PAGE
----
57. ITH-Konferenz: The Political Ecology of Work in Times of Disaster
22.-24. September 2022, Linz
Internationale Tagung der HistorikerInnen der Arbeiter- und anderer sozialer Bewegungen (ITH) mit freundlicher Unterstützung der Kammer für Arbeiter und Angestellte Oberösterreich, Kammer für Arbeiter und Angestellte Wien, der Friedrich-Ebert-Stiftung, der Rosa-Luxemburg-Stiftung, der Österreichischen Gesellschaft für Politische Bildung, dem Karl Renner-Insitut und der Stadt Linz.
Rolf Bauer (ITH, Wien), Adrian Grama (Leibnitz Institute for East and Southeast European Studies, Regensburg), Chitra Joshi (Association for Indian Labour History, New Delhi), Stefan Müller (Friedrich Ebert Stiftung, Bonn) und Susan Zimmermann (ITH, Wien)
The onset of the global pandemic radically challenged the world of work. Lockdowns and other public health policies re-segmented labour markets, reallocated rights and reinforced privileges. Homework exploded, all while workers deemed “essential” kept on risking their health in services, care, slaughterhouses and farms. Both in the Global South and the Global North, labour legislation was rolled back, and trade-unions muted.
The 2022 ITH conference takes from the present epidemiological crisis to reflect on other times of disaster and their implications for workers, organised labour and labour relations. This includes ecological disasters like earthquakes, floods or droughts; technological disasters such as Fukushima in 2011 or the Bhopal gas tragedy in 1984; medical crises like epidemics or pandemics, such as the Black Death, the post-World War One influenza pandemic and the current Covid-19 pandemic.
No disaster is purely natural. A disaster takes place within environmental, social, economic and political contexts that ultimately determine the impact of a disaster. Human Intervention is important to the outbreak of such events. It is human society, not nature, that is in crisis due to viruses, geological or climatic changes; it is human society that produces technological disasters; it is the geo-ecological shifts between humans (society) and nature that can produce biophysical hazards. The social and economic impact of a hazard is determined by nature and extent of societal vulnerability. It is this societal vulnerability that turns a hazard into a disaster, the endemic into an epidemic.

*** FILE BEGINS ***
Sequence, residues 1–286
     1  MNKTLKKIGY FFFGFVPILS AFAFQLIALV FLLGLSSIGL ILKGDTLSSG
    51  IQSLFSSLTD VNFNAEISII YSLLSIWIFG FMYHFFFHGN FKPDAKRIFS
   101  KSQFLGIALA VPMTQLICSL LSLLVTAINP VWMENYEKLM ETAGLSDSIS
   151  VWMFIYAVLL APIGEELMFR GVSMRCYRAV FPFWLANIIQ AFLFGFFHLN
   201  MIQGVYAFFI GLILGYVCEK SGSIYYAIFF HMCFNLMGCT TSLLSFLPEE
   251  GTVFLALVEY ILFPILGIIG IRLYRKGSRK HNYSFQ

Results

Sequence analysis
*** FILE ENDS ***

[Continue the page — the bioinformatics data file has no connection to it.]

How well societies prepare for, cope with or recover from disasters is determined by their social, political, economic and cultural vulnerability and their capacity to absorb these shocks (their resilience). At the ITH conference 2022 we focus on how labour was affected by and dealt with disasters in both a long-term and short-term perspective. We approach this topic through the lens of political ecology, i.e. we take the viewpoint of both environmental history and Marxist political economy.
There are numerous factors that deepen labourer’s vulnerability and their capacity to cope with shocks: environmental, economic or institutional factors. Studying disasters via a political ecology approach allows us to analyse these factors in a combined way. From a political ecology approach, we see that the expansion of capitalism and the inherent exploitation of both labour and nature has had a severe impact on workers’ vulnerability to hazards: it worsened the livelihood of many, and weakened communal institutions (e.g. commons), but has also created the preconditions for environmentally-induced disasters. These pre-conditions materialise in varied ways in different societal contexts – a heterogeneity that needs to be explored.
We invite contributions that explore the following questions:
- How have the working people experienced and interpreted different forms of disasters in the past and the present?
- What is the role of organised labour in shaping the outcome of a disaster?
- What are the short- and long-term effects of disasters for workers and labour?
- What is the political impact of an epidemic crisis on labour?
- Who are the workers in the disaster relief sector?
- Are there any progressive opportunities coming out of a disaster?
- What is the impact of disasters and crises on patterns of labour circulation and migration?
- Can we observe selective effects of disasters along racial, ethnic or gender lines?
- Has the Anthropocene changed disasters / led to more disasters?
- How have workers adapted to disasters, e.g. via social movements, solidarity, etc.?
- How have state interventions, law and legislation mediated the impact of pandemics and other crises and to what extend has labour influenced this?
AK-Bildungshaus Jägermayrhof, Römerstraße 98, 4020 Linz, Österreich
Linz ist eine Industriestadt ca. 180 km westlich von Wien und eines der historischen Zentren der österreichischen ArbeiterInnenbewegung. Der Österreichische Bürgerkrieg im Februar 1934 zwischen den austrofaschistischen Milizen (“Heimwehren”) und dem Bundesheer auf der einen und der paramilitärischen Organisation der Sozialdemokratischen Arbeiterpartei, dem Republikanischen Schutzbund, auf der anderen Seite begann in Linz. Die Umgebung des Jägermayrhofs war eines der Zentren der Kämpfe.
International Conference of Labour and Social History (ITH)
c/o Dokumentationsarchiv des österreichischen Widerstandes
Altes Rathaus, Wipplinger Str. 6/Stg., A-1010 Wien, Österreich